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Stonewalled: Collapse doesn’t change Braves ways

Flashback to Sept. 28, 2011. There I was sitting on the couch, tense, waiting; it was the top of the 9th. September had been a rough month for the Braves, but there was still a chance to secure a coveted wild card spot in the postseason. All we needed was a ground ball and the game would be over, but instead the Braves suffered one of the worst collapses in the history of America’s pastime leaving fans and players slack-jawed and speechless.

So I, like any good Braves fan, moved on. I have been a diehard for 20 years now, and I have seen all the fantastic seasons followed by postseason collapses, but this past year planted a sapling of doubt in the back of my mind that is slowly growing into an indestructible tree of hopelessness as I watch the Braves returning to spring training after a stagnant offseason that saw little change to the Braves while the rest of their division got much stronger (aside from the Mets; sorry guys).

There are some positives of course. The pitching staff is looking pretty strong with Jair Jurrgens and Tommy Hanson returning after being injured for the majority of last year.

It’s great to see these two healthy again alongside Brandon Beachy and Mike Minor because they are going to have to step up and fill in for Tim Hudson for the first month as “Huddy” recovers from offseason back surgery.

Derek Lowe is gone after a very disappointing season that saw him go 9-17 in 34 starts with a 5.05 ERA. The Braves have too much young talent that need as much play time as possible to hone their skills, so keeping a lackluster oldie like Lowe around was counterproductive.

The biggest problem that I have, and something that has been an issue for the Braves in the past few years, is offensive production. The bats are so inconsistent, and no one is stepping up and filling that clutch power hitting position.

Chipper Jones, 39, isn’t getting any younger and holy crap he’s looking a little rough at spring training. Did anyone see the picture on ESPN.com of Mr. Jones, pudge edition? Chipper, easily one of my top 5 favorite Braves past and present, needs to stay healthy and keep his bat hot this year, but if that doesn’t happen (which isn’t likely given his track record) then I think it might be time to hang up the jersey and hit the cages training the young guns on how to be an all-star hitter like he was in the past.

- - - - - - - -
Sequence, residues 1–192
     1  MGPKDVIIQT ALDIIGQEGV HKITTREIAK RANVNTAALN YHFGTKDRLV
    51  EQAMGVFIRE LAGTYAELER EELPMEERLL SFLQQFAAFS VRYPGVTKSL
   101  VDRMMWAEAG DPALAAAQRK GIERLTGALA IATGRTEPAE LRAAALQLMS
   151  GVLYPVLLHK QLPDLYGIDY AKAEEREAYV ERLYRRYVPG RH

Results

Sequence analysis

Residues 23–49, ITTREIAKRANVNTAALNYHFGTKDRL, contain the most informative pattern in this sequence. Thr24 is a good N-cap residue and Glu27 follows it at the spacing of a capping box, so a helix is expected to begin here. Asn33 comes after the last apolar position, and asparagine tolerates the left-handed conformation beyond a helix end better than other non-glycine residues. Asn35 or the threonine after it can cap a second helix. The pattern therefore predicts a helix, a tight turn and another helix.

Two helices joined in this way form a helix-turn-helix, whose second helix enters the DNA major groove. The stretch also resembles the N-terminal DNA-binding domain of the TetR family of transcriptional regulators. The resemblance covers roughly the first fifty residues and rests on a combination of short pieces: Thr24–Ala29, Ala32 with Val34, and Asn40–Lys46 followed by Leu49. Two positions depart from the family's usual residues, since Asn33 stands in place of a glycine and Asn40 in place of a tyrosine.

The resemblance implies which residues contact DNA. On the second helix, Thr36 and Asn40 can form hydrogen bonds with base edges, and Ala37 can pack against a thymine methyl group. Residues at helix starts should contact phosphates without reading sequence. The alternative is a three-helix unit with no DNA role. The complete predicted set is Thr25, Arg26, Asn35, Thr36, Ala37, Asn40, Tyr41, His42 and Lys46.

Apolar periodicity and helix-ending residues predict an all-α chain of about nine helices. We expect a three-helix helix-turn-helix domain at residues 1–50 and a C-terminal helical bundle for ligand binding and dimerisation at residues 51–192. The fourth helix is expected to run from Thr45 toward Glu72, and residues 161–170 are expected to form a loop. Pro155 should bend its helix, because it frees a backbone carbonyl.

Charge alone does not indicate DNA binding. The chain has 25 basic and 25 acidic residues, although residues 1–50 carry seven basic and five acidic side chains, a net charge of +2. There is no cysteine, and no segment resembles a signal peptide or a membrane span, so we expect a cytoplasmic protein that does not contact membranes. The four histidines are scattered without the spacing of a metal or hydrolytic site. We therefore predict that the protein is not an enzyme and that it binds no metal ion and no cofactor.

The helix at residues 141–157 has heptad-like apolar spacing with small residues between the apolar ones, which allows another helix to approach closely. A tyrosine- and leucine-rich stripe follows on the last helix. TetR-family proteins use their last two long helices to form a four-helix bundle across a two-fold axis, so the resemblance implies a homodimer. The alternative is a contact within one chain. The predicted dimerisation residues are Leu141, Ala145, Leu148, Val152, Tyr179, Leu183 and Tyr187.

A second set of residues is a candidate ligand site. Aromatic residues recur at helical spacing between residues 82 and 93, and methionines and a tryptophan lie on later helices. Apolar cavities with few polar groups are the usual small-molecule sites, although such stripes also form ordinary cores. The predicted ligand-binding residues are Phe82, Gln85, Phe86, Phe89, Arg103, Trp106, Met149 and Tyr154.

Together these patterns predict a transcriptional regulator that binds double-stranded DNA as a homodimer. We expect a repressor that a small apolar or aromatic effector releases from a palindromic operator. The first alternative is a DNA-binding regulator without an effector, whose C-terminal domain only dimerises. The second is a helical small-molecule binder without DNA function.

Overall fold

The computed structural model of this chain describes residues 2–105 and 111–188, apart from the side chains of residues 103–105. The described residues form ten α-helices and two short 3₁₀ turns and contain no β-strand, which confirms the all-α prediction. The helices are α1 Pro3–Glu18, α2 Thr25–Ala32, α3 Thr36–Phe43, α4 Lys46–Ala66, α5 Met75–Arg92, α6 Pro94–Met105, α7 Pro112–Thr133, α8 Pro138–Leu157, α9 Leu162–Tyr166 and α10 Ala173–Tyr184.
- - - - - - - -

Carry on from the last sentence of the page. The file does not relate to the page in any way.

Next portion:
Another x-factor is right-fielder, Jason Heyward. His bat really cooled off last year after a pretty great rookie season. He was dealing with an ongoing shoulder injury and difficulties hitting balls on the inside of the plate (which opposing pitchers exploited like any smart team would), but if he doesn’t start to show improvement then it may be time for the Braves to start looking elsewhere.

I know it seems like I am really ripping into my favorite team of all time in any sport, but after the dismal performance at the end of last year, it is hard not to question the lack of activity and just attribute it to having a young team that will somehow just do better this year in a division that got a lot stronger during the offseason.

The Miami Marlins (it’s going to be hard to not call them Florida anymore) made major moves to acquire big names including starting pitchers Mark Buehrle and Carlos “Big Z” Zambrano, shortstop Jose Reyes, and closer Heath Bell who had 43 saves last season. These major additions along with the bat of right fielder Mike Stanton could provide some major problems for the Braves.

One team that looks lackluster on paper but seems to hand the Braves all sorts of trouble every year are the Washington Nationals. With a healthy Stephen Strasburg and a one-year deal for closer Brad Lidge the Braves could be scratching their heads once again.

And now we move on to the opponent that ultimately decided the Braves’ fate on those dark September days; those damned Philadelphia Phillies. Out of 18 games in 2011, the Phillies beat the Braves 12 times including being undefeated 6-0 in the second half of the season. They may have lost one of their star pitchers in Roy Oswalt, but they added the big bat of Jim Thome at first base and allstar closer Johnathan Papelbon.

Even the New York Mets are pretty good at being a thorn in the Braves side splitting the games in 2011 9-9, but the chances of them being a greater threat in the NL East is slim.

Braves fans may have to settle on the fact that this season may be a lesson in patience for both the players and fans, but one thing is for sure, good or bad, there is always next season.

The beauty of all sports is the prospect of a next season however bad the last one was.

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